"We seek the Lady of the Acoma!"
The Lady of the Acoma. Like a cold knife plunkged into the pit of her stomach, the words cut through Mara's soul. That one sentence forever changed her life. her mind rebelled, screaming denial, but she willed herself to remain calm. Never would she shame her ancestors by a public display of grief. She controlled her voice as she slowly rose to her feet. "I am here, Keyoke."
In the war against the Midkemians, warriors of Tsuranuanni leave their own world to fight on foreign soil. Lord Sezu of the Acoma, and his son and heir, Lanokota are killed in a carefully planned trap made by their ancient enemies, the Minwanabi.
Mara is about to enter the Order of Lashima, forever forsaking the material world, when word reaches her of her father's and brother's deaths. Now she alone carries the blood of the Acoma, and she will be the Ruling Lady of an ancient family.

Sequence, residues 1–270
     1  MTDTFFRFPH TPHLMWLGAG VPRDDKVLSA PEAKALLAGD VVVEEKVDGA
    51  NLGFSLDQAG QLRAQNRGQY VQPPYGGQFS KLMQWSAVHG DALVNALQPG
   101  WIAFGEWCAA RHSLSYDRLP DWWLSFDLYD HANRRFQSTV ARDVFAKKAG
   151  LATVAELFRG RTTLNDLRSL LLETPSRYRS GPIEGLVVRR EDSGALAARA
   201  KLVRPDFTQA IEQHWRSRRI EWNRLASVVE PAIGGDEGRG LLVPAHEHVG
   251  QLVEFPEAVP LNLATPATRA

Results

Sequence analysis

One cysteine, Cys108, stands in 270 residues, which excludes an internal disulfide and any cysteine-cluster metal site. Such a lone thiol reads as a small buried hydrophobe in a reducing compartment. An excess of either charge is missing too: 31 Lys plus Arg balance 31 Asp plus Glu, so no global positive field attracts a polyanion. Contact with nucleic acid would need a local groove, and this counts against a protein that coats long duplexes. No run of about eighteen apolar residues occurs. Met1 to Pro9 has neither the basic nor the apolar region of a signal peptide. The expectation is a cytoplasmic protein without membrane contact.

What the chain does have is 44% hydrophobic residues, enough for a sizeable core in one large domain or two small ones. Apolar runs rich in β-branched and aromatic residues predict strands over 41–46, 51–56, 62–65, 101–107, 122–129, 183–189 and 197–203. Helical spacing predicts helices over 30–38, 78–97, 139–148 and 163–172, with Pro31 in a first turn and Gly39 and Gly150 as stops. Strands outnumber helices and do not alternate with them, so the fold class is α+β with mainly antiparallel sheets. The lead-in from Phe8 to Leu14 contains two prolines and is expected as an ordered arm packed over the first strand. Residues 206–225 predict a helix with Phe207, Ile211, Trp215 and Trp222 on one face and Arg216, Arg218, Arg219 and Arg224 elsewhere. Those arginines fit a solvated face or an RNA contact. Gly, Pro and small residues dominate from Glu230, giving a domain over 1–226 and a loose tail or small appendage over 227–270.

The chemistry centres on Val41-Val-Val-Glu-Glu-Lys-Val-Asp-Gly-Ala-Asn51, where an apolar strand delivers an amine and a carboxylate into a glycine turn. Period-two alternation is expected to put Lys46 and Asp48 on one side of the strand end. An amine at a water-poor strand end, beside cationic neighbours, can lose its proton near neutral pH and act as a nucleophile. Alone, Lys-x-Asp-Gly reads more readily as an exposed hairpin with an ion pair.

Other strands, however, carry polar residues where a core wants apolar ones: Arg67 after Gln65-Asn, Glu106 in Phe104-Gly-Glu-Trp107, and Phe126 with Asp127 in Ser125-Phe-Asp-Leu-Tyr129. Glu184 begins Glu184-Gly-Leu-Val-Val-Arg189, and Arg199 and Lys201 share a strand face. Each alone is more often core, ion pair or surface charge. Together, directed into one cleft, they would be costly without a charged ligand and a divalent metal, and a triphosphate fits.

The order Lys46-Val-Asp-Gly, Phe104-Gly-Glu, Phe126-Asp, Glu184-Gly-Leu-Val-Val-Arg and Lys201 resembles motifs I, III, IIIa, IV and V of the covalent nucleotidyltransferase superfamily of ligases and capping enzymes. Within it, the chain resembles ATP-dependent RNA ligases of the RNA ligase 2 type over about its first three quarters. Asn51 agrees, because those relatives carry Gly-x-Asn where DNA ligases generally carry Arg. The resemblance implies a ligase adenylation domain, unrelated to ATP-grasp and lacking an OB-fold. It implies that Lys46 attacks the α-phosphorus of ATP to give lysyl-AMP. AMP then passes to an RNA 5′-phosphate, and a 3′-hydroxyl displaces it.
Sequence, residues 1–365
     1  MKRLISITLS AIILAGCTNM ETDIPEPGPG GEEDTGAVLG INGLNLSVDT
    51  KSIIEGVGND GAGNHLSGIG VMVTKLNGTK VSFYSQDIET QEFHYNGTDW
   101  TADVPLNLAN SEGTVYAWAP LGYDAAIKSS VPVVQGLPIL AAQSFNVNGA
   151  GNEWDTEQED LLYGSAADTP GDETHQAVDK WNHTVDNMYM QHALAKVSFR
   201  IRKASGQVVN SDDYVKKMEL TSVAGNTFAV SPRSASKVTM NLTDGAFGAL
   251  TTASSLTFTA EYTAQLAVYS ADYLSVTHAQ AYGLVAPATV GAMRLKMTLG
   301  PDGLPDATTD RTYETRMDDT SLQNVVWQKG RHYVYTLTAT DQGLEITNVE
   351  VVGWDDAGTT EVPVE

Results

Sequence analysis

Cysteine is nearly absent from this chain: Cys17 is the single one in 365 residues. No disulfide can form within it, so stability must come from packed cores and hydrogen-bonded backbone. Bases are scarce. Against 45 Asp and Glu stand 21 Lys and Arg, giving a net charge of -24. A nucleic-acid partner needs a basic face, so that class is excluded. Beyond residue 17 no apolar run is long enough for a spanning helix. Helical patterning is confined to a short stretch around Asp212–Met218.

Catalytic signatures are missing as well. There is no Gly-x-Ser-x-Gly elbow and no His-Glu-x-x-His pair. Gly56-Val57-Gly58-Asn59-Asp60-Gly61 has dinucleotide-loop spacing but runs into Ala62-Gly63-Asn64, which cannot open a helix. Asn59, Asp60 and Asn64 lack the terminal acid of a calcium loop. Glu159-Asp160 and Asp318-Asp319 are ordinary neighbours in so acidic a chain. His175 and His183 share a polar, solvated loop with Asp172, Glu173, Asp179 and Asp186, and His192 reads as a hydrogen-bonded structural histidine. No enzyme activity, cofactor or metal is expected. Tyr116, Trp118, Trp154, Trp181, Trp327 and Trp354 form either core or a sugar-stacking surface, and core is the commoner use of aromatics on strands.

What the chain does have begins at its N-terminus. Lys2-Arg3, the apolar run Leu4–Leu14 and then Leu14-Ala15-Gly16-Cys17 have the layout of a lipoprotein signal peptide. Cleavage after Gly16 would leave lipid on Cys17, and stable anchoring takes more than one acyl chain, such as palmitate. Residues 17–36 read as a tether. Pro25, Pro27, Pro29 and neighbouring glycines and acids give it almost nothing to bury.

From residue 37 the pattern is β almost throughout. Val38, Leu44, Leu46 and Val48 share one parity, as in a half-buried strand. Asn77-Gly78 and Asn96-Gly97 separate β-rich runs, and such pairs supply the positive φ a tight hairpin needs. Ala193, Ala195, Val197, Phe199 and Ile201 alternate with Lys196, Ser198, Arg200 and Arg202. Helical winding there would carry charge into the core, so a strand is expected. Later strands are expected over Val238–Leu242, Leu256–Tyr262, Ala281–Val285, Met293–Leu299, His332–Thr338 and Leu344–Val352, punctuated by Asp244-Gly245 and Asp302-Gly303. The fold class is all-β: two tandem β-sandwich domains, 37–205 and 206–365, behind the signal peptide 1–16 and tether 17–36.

At her side, she has loyal servants; Keyoke, Force Commander of the
Acoma; Papewaio, companion and body servant to Keyoke, and Nacoya, her
old nurse. Together they must enter the Game of the Council, and
unless they can succeed, the Acoma family with all its servants and
soldiers and slaves faces total destruction.
Thoughts about the book:
Politics and intrigues are central in this series. The culture has a lot in common with feudal Japan, and for anyone who loves the oriental culture and tradition, this book is a must.
Feist and Wurts create a fantastic world with this; this is the Riftwar as seen from the Tsuranuanni point of view. Also, it steps away from the classical fantasy literature. The society itself becomes central, as does the political situation.
In Daughter of the Empire, the enemy isn't one to be fought by
sword or magic, but by wits and guile. It is comfortably free of
quests and magic swords.
About the authors Raymond E. Feist and Janny Wurts
About the next book, Servant of the Empire
About the third book, Mistress of the Empire